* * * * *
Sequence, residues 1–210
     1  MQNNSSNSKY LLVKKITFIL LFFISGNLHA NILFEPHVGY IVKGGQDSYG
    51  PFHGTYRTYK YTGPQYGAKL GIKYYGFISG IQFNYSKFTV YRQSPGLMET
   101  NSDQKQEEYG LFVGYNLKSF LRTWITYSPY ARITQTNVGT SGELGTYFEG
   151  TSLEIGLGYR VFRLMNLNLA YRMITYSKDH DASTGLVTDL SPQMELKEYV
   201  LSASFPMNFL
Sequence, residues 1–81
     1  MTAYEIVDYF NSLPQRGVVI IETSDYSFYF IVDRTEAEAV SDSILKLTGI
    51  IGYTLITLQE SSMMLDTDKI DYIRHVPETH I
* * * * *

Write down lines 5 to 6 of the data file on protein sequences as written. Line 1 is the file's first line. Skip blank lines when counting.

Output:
   151  TSLEIGLGYR VFRLMNLNLA YRMITYSKDH DASTGLVTDL SPQMELKEYV
   201  LSASFPMNFL